First, do you know off hand what filesystem is used? If it is Solaris's zfs, then you need a live distro or rescue disk for Solaris.
When you run off a live distro or rescue disk, the root filesystem exists in memory. Look at the output of the "mount" command by itself to see if the hard disk partitons are mounted. If not, you will want to mount the root partition somewhere such as mount. There are a lot of ifs here, such as whether the kernel your live distro or rescue disk uses is able to mount the partition rw.
Solaris will use different device names for partitions. There are in /dev/ and probably end in p1 for the first partition, p2 for the second, etc. If your disk has the fdisk program (I don't know if solaris has its own version of this program), running "fdisk -l" will list the partitions.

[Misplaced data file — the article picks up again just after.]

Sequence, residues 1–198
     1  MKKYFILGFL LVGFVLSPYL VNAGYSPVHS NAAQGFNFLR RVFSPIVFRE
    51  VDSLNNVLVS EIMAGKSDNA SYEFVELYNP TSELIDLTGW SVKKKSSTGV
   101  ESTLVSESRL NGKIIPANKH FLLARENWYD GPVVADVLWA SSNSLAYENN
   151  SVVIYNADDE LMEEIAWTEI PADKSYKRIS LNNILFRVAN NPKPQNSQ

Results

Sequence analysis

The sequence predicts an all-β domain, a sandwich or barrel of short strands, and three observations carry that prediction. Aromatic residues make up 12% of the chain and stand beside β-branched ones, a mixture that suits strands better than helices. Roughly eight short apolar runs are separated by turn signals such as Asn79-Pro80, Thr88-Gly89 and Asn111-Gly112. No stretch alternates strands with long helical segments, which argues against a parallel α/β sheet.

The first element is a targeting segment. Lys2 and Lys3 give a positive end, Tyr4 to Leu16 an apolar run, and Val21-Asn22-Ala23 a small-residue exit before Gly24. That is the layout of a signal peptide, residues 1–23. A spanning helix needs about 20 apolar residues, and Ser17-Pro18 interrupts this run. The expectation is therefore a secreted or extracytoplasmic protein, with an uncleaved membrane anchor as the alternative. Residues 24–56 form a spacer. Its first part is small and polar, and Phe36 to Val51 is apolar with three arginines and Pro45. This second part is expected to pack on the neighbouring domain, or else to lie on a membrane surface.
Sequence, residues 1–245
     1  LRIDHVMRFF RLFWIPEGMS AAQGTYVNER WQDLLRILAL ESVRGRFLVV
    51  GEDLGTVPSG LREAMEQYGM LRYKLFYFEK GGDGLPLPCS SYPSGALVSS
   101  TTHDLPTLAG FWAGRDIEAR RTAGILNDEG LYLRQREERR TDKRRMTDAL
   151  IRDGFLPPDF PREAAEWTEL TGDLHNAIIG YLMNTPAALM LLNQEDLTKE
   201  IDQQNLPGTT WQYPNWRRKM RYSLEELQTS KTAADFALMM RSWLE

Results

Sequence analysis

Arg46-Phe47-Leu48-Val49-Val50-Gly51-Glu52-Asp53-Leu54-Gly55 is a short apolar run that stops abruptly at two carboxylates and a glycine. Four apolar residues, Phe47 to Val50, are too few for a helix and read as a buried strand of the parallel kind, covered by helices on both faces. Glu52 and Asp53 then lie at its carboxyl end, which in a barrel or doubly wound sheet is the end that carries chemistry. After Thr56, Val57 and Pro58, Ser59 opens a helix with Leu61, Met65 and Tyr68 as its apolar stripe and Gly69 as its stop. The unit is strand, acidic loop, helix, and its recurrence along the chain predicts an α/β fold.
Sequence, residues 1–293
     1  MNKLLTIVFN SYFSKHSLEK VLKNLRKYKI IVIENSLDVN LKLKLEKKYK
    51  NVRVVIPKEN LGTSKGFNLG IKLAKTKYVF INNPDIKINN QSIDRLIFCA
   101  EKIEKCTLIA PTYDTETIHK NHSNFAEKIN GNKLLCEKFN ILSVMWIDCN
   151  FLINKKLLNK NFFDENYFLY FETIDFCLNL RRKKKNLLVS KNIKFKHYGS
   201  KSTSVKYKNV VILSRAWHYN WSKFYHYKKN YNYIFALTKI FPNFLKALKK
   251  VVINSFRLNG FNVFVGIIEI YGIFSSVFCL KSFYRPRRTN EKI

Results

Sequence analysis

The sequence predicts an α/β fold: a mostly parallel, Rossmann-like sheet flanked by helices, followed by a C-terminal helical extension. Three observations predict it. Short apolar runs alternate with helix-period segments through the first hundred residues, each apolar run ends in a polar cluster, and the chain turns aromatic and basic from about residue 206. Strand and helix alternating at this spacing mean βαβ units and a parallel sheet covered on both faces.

You need to use the mount command to mount the partition that has the /etc directory. It should be on the root partition. I can't see anyone wanting to mount it anywhere else.
Look at the /etc/passwd file. If there is a line like: "root:x:0:0:root:/root:/bin/bash" with the second field of "x", then the system uses shadow passwords. The password hash is in /etc/shadow. Otherwise, you may see a lot of random characters between the first and second colons.
Look at the /etc/shadow file at the entry starting with "root":
Delete the characters between the two colons to zero the root password. This means you can reboot and login as root with no password. Then run "passwd" as root to change the root password.
I have a system that doesn't allow a null password for root. So I couldn't log in after zeroing out the password hash in /etc/shadow. So I copied the hash from my regular users entry and copied it for root's. That allowed me to log in as root using my regular user's password and then I ran "passwd" to change it.